CommentPlus: pick of the papers

The ten must-read pieces from the Sunday papers.

1. The country's renewal is being betrayed by cheap, paltry politics (Observer)

The interminable row over National Insurance is a sideshow, says Will Hutton. Instead, we need an honest discussion about how to rebalance the economy away from financial services.

2. Cameron is cheeky, but right (Independent on Sunday)

David Cameron's pitch for the Guardian vote may be cheeky but it is clever, writes John Rentoul. His plan to introduce a public-sector pay multiple is a small step in the right direction.

3. Joker David Cameron is having a laugh (Sunday Mirror)

Elsewhere, the New Statesman editor, Jason Cowley, says that Cameron's repeated claim that Britain is "broken" proves that the Tory leader is behind the curve. Labour must continue to chip away at the façade of Tory moderation.

4. Who's more honest: voters or politicians? (Sunday Times)

Many have written that voters deserve more honesty from the politicians on the economy but this ignores the inconsistency of public opinion, says Martin Ivens. Everyone applauded George Osborne for the honesty of his austerity message, but voters soon became uneasy about "Tory cuts".

5. Will someone please tell us the truth? (Sunday Telegraph)

But elsewhere, Janet Daley argues that voters are desperate for a politician to admit that tax-and-spend has well and truly reached its endgame.

6. It's not the answers that will win this election, it's the questions (Observer)

The parties are launching their manifestos this week but they will offer us little guidance on what they would do in power, says Andrew Rawnsley. None of them will be honest about spending cuts and they cannot anticipate great events such as 9/11.

7. Obama -- the idealist turns assassin (Independent on Sunday)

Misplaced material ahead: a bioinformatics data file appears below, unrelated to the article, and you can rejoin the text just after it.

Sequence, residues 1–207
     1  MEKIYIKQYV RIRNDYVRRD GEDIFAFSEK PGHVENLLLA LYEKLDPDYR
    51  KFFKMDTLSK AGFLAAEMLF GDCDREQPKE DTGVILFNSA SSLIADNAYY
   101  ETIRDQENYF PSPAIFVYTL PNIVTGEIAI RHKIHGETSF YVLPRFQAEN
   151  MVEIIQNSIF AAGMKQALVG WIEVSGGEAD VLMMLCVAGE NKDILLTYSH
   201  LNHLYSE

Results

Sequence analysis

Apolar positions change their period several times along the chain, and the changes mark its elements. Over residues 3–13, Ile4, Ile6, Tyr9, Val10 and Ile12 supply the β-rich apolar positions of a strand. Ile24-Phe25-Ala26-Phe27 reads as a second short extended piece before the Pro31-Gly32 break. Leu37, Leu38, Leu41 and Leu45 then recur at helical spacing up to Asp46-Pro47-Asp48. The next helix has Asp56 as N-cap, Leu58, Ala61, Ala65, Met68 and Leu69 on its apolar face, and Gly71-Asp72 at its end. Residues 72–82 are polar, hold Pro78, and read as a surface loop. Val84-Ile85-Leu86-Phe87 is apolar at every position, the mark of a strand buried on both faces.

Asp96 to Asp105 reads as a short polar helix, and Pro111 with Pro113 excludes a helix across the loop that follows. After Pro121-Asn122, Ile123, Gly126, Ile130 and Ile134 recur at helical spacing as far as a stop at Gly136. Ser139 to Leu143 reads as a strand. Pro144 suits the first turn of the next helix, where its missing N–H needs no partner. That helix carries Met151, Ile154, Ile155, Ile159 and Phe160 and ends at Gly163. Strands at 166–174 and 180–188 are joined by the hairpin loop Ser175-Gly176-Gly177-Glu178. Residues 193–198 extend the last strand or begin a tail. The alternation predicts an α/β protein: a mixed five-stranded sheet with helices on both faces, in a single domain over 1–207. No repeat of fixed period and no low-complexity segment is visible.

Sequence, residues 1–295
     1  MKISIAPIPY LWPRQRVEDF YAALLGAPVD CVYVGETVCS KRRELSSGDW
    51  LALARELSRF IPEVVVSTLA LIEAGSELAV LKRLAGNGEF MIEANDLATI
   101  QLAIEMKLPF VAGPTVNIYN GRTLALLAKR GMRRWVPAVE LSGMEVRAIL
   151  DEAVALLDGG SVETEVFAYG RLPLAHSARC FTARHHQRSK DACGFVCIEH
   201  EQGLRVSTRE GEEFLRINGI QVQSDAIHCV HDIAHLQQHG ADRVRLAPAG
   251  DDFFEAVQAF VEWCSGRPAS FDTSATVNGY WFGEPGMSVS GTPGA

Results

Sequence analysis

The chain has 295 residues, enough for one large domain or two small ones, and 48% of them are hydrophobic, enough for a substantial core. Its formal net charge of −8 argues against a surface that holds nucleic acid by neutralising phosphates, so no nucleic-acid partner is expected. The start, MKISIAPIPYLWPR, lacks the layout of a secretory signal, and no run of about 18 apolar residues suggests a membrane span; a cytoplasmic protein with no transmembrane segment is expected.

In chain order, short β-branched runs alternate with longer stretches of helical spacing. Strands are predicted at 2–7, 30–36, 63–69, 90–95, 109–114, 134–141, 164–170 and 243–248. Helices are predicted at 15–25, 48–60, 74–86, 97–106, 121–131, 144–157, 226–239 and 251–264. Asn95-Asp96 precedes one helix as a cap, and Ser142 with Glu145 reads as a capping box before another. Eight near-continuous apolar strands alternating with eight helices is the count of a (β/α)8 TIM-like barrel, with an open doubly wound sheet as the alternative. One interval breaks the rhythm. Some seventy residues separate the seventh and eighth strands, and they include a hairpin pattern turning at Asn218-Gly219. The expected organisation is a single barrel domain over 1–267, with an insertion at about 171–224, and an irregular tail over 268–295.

Barack Obama's decision to authorise the "targeted killing" of the Muslim cleric Anwar al-Awlaki shows how he has changed since his days as a civil rights lawyer, says Joan Smith.

8. Tories turn up the heat in week one (Sunday Times)

The Tories may be evasive, but they recognise that business leaders and the electorate are tired of paying ever more tax to fund a bloated public sector, argues a leader in the Sunday Times.

9. Out of one nation's catastrophe comes a clarion call for honesty (Observer)

Iceland's plan to create a safe haven for investigative journalism is a huge boost for free speech, writes Henry Porter.

10. Supreme Court will miss its impish inquisitor-in-chief
(Independent on Sunday)

The retirement of Justice John Paul Stevens leaves Obama with the political headache of finding a worthy replacement, writes Rupert Cornwell.

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Benn vs McDonnell: how Brexit has exposed the fight over Labour's party machine

In the wake of Brexit, should Labour MPs listen more closely to voters, or their own party members?

Two Labour MPs on primetime TV. Two prominent politicians ruling themselves out of a Labour leadership contest. But that was as far as the similarity went.

Hilary Benn was speaking hours after he resigned - or was sacked - from the Shadow Cabinet. He described Jeremy Corbyn as a "good and decent man" but not a leader.

Framing his overnight removal as a matter of conscience, Benn told the BBC's Andrew Marr: "I no longer have confidence in him [Corbyn] and I think the right thing to do would be for him to take that decision."

In Benn's view, diehard leftie pin ups do not go down well in the real world, or on the ballot papers of middle England. 

But while Benn may be drawing on a New Labour truism, this in turn rests on the assumption that voters matter more than the party members when it comes to winning elections.

That assumption was contested moments later by Shadow Chancellor John McDonnell.

Dismissive of the personal appeal of Shadow Cabinet ministers - "we can replace them" - McDonnell's message was that Labour under Corbyn had rejuvenated its electoral machine.

Pointing to success in by-elections and the London mayoral election, McDonnell warned would-be rebels: "Who is sovereign in our party? The people who are soverign are the party members. 

"I'm saying respect the party members. And in that way we can hold together and win the next election."

Indeed, nearly a year on from Corbyn's surprise election to the Labour leadership, it is worth remembering he captured nearly 60% of the 400,000 votes cast. Momentum, the grassroots organisation formed in the wake of his success, now has more than 50 branches around the country.

Come the next election, it will be these grassroots members who will knock on doors, hand out leaflets and perhaps even threaten to deselect MPs.

The question for wavering Labour MPs will be whether what they trust more - their own connection with voters, or this potentially unbiddable party machine.